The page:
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Chia Plotting With USB SSD Enclosures

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A Chia farmer quickly turning this hobby from a spare space intrigue to a home lab mania.

How viable is USB plotting?

How viable is USB plotting?

Chia Plotting With USB Enclosures

Many people trying to plot and farm Chia have been experimenting with using SSD enclosures to hold higher capacity M.2 NVMe SSD drives suitable for plotting. This can be a function of having no more space for drives, using older hardware that cannot hold an M.2 drive, or simply the ease of being able to plug or unplug a plotting drive with minimal effort.

For whatever reason, it's a viable way to scale some plotting. However, there are some catches and caveats in order for it to go smoothly. I'll cover what you need to pay attention to on the page below so you can hopefully bypass many of the mistakes I've made. I'll also cover the performance difference of choosing to go the USB route versus internal drives by sharing all my testing results.

Additionally, I'll include links to the exact products I used if you wish to purchase them yourself.

Knowing Your USB Ports

This is the most important aspect of plotting via USB because the bandwidth capabilities of your port will most likely be your major bottleneck. In short, you want the fastest USB ports to scale the most parallel plotting.

USB 2.0 Ports

These are most often black and are incredibly slow with a speed of only 480Mbps. Ultimately, without USB 3.0 or higher ports, USB plotting is non-viable.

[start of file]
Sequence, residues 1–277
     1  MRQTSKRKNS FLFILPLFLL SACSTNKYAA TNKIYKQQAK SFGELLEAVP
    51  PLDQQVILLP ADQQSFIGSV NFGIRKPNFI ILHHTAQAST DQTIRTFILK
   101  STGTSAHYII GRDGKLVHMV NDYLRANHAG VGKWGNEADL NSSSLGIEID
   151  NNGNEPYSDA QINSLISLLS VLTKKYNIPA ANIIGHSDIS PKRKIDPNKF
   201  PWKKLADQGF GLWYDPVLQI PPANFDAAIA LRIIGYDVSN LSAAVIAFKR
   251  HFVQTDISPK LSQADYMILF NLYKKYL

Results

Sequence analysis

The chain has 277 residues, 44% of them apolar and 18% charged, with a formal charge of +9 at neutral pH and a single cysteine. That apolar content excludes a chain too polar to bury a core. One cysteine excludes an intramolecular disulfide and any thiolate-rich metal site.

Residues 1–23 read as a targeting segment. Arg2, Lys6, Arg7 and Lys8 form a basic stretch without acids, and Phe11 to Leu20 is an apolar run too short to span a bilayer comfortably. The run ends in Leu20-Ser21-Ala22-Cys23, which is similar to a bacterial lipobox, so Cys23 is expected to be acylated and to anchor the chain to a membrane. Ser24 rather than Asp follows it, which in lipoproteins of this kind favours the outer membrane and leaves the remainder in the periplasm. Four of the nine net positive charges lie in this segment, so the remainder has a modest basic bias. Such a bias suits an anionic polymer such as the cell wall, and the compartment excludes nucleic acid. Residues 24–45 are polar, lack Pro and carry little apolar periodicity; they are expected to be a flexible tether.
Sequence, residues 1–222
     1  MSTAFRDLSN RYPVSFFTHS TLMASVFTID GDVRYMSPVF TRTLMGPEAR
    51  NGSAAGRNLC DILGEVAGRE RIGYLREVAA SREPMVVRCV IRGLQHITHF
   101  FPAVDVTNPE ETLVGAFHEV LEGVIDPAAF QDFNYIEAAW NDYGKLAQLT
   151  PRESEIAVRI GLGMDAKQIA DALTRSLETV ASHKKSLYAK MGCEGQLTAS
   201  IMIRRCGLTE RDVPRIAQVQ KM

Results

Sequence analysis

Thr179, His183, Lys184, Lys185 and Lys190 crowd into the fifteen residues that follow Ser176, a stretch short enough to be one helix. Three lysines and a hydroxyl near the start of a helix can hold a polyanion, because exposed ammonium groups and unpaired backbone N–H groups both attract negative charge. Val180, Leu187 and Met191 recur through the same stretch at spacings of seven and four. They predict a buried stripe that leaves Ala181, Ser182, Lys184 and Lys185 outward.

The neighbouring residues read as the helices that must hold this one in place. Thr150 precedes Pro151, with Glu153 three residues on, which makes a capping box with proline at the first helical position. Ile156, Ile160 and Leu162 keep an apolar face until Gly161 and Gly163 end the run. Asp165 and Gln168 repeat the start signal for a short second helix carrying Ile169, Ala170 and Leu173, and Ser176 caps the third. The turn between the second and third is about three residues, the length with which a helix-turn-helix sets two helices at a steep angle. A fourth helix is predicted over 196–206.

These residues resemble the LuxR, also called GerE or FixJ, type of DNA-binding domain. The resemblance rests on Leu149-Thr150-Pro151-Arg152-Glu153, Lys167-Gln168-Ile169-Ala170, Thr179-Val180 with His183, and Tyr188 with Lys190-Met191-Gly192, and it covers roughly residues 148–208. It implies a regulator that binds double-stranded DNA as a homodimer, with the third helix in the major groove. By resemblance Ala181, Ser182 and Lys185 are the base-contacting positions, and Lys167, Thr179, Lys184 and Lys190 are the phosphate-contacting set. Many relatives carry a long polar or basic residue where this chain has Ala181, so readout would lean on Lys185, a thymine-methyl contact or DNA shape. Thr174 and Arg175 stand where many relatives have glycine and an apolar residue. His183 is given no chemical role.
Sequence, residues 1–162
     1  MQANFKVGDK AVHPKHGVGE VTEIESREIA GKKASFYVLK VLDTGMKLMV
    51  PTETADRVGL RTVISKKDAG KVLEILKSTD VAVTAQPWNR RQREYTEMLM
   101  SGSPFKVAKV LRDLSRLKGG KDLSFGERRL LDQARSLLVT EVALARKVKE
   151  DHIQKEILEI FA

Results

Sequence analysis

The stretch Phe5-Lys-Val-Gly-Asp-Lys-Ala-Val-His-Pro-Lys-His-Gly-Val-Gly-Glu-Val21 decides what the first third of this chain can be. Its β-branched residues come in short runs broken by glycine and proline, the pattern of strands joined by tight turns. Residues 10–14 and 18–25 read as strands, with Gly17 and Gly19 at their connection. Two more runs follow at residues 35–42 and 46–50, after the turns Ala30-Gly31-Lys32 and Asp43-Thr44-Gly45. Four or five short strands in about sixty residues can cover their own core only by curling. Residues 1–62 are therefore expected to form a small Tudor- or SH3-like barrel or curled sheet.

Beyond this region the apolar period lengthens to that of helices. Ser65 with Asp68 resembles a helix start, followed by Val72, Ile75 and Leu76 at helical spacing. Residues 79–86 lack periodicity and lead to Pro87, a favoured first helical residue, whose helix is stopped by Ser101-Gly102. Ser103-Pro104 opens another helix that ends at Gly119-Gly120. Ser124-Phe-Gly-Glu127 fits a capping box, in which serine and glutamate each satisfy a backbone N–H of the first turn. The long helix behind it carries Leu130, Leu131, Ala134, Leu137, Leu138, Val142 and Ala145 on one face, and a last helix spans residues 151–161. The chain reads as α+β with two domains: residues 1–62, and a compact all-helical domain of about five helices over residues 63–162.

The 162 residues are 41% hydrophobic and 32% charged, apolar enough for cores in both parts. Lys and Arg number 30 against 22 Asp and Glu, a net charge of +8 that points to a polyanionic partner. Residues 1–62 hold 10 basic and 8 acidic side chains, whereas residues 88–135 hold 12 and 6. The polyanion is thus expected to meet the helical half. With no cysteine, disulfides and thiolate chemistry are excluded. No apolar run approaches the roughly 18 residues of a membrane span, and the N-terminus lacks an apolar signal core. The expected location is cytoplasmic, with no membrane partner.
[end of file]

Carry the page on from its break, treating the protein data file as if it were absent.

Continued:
USB 3.0 Ports

These are blue-colored and have a rated speed of 5 Gbps. They are sometimes referred to as "SuperSpeed" and may have an SS label next to the port. They are the minimum to plot via USB and can likely support 2-3 parallel plots.

USB 3.1 Ports

This is where things get a little more complicated. USB 3.1 may be teal-colored ports and should feature a speed of 10Gbps. However, through the life of USB 3.0, some changes in terminology and usage have changed.

As a result, you may find blue-colored ports that actually feature 10Gbps speeds or uncolored USB-C ports (the rounder ones with a smaller dual side connector) that also feature 10Gbps. The best indicator your USB ports feature 10Gbps speeds is an SS label with a 10 next to it. When in doubt, you may have to refer to your hardware manual.

USB 3.2 Ports

Let's make it more confusing! USB 3.2 ports are red, but also often feature 10Gbps speeds, but might feature 20Gbps speeds. The best indicator of you having a port capable of 20Gbps is again the SS label with a 20 next to it.

The changes in terminology I referenced above make this challenging. Currently, USB 3.0+ ports have mostly been renamed to USB 3.2 gen 1, gen 2, and gen 2x2:

  • USB 3.0 became USB 3.2 gen 1 (Speed of 5Gbps)
  • USB 3.1 became USB 3.2 gen 2 (Speed of 10Gbps)
  • USB 3.2 became USB 3.2 gen 2x2 (Speed of 20Gbps)

It's also important to note that most consumer computers will have all their USB ports on one controller. Meaning that you may have 4 USB 3.0 ports, but they share the same bandwidth. This means if you were to use 4 USB enclosures, they would all share the same 5Gbps, thus bottlenecking each other.